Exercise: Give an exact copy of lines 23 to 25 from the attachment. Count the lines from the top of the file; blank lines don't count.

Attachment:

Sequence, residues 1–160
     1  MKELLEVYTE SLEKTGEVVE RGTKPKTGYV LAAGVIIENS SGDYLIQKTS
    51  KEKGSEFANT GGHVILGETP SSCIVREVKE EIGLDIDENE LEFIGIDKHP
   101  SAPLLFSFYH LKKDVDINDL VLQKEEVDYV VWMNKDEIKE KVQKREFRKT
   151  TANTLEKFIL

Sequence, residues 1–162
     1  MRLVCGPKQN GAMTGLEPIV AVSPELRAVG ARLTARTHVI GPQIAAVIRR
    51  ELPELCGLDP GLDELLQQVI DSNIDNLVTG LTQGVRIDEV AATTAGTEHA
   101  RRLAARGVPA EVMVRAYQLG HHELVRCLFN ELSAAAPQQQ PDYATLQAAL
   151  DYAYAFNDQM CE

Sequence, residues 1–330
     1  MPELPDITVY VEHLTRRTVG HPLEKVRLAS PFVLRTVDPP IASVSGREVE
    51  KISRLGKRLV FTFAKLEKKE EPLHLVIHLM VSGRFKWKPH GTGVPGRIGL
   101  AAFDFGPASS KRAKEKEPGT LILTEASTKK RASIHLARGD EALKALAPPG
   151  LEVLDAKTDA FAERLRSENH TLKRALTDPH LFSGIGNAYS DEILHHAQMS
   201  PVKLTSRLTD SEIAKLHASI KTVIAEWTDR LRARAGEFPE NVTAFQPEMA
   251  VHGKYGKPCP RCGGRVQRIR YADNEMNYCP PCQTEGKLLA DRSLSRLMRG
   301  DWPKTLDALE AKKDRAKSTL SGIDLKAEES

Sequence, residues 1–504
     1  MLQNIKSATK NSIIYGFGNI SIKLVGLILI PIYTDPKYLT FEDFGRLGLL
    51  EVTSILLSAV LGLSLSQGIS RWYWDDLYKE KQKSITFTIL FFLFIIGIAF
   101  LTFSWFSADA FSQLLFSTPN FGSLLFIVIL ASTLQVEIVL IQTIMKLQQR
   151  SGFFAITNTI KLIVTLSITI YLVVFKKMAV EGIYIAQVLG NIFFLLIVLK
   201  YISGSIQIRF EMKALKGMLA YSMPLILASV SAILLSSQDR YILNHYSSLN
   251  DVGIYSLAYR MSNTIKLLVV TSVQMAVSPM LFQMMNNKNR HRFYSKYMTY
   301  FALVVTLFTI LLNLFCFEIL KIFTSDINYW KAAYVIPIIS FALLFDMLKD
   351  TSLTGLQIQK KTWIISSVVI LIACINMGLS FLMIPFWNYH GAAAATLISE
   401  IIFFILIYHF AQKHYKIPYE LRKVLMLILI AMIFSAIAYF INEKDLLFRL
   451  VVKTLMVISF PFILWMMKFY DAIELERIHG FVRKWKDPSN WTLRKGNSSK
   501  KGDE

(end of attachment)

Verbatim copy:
   151  SGFFAITNTI KLIVTLSITI YLVVFKKMAV EGIYIAQVLG NIFFLLIVLK
   201  YISGSIQIRF EMKALKGMLA YSMPLILASV SAILLSSQDR YILNHYSSLN
   251  DVGIYSLAYR MSNTIKLLVV TSVQMAVSPM LFQMMNNKNR HRFYSKYMTY